2 sprigs of chives, chopped finely to garnish
8 bunches of bok choy blanched (or any other green leafy vegetable of your preference)


Simmer pork bones and ikan bilis anchovies, dried shrimps in a large pot of water 500ml.

The Wontons

Put all the ingredients into a mixing bowl and thoroughly mix the minced pork, diced mushrooms, carrots and seasonings.

Crack and egg in a bowl and lightly dust your work station before you begin to fill the wanton wrappers.

Remember to always keep a damp cloth nearby to cover the wrappers as fresh wanton wrappers dry out very quickly. Put the leftover wraps back into the fridge immediately when you’re done.

Hold the square wanton skin in the palm of your hand and fill a generous teaspoon with the filling mixture and place it right in the centre of the skin, use your finger, use the egg wash to run along the edges of the wanton skin, then fold it into a a triangle shape.

If you’d like to explore other ways of folding wontons, this site shows 8 different ways to do it. For Chinese New Year, you might want to try folding it to look like golden ingots – the China style no. 1

Placed all the finished wantons onto a plate.

Bring a pot of water to a boil to cook the wantons and noodles. Cook the noodles al dente 3 to 5 mins and drain them to put into separate portioned bowls.

Then put in the wantons, leaving them to simmer pot uncovered. Once they float to the surface, they are cooked. Drain the wantons and put them on top of noodles, add in the blanched bok choy, and ladle in the hot broth. Garnish with chives and serve immediately.

Remember to eat immediately as letting the noodles and wantons sit make it soggy and not pleasant to eat.

Et violà, wonton noodles soup. Bon appetite!… and Happy Year of the Snake.

You can discover more about Juliana at her website,  blog,  facebook page or twitter.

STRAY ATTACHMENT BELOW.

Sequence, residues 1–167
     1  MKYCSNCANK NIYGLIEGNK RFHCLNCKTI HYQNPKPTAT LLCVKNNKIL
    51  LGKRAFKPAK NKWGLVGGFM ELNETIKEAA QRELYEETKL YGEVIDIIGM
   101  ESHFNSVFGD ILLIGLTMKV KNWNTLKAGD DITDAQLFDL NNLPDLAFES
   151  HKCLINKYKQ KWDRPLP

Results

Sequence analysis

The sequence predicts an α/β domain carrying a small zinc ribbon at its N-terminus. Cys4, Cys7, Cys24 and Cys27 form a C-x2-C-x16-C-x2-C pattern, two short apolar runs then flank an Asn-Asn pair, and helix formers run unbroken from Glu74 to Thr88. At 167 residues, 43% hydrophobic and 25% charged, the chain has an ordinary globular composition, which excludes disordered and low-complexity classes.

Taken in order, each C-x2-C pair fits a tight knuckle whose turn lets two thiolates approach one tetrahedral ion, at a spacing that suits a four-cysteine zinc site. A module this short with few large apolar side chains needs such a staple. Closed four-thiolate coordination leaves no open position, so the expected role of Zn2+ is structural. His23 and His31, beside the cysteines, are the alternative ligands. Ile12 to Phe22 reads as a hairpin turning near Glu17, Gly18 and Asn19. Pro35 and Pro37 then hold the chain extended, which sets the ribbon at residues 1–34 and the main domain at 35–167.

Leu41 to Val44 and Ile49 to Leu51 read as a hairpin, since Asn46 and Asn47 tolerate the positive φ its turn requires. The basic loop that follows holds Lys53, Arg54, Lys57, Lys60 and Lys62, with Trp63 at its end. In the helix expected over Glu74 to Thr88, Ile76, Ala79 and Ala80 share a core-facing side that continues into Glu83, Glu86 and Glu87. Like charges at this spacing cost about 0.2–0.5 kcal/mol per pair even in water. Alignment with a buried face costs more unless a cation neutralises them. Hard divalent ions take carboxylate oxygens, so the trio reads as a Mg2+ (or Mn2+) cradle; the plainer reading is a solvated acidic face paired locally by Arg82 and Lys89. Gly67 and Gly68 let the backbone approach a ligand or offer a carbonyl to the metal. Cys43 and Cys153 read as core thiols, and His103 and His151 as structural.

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  1. Ingrid says:

    me gustaria recibir recetas para vaporeras.

  2. christine says:

    Hi Heidi and Juliana!
    This looks like a great beginning. Wish you all the best in the year of the snake and look forward to reading more of your posts. ;))

  3. Beautiful!
    What fun it must be to work together with a friend. .. Perfect Collaboration:)
    I simply adore wontons, I’m loving how simply you folded these into triangles, sometime those tricky shapes makes the whole process overwhelming.
    Really nice recipe.

    • Heidi says:

      Thanks Reem!. Actually I feel so lucky to have such talented friends who are willing to share their talent and knowledge with my readers, that is the main reason of all these collaborations. Happy to discover you are enjoying them as well.

      Regarding the wonton folding I think this is the beginners style but hey, they are delicious!

Aromas 'n Sabores is a canvas where we portrait healthy meals with an international spin but using local produces and what we have in our fridge.We aim to inspire your everyday by sharing recipes, travels, discoveries, some plantlove & green beauty.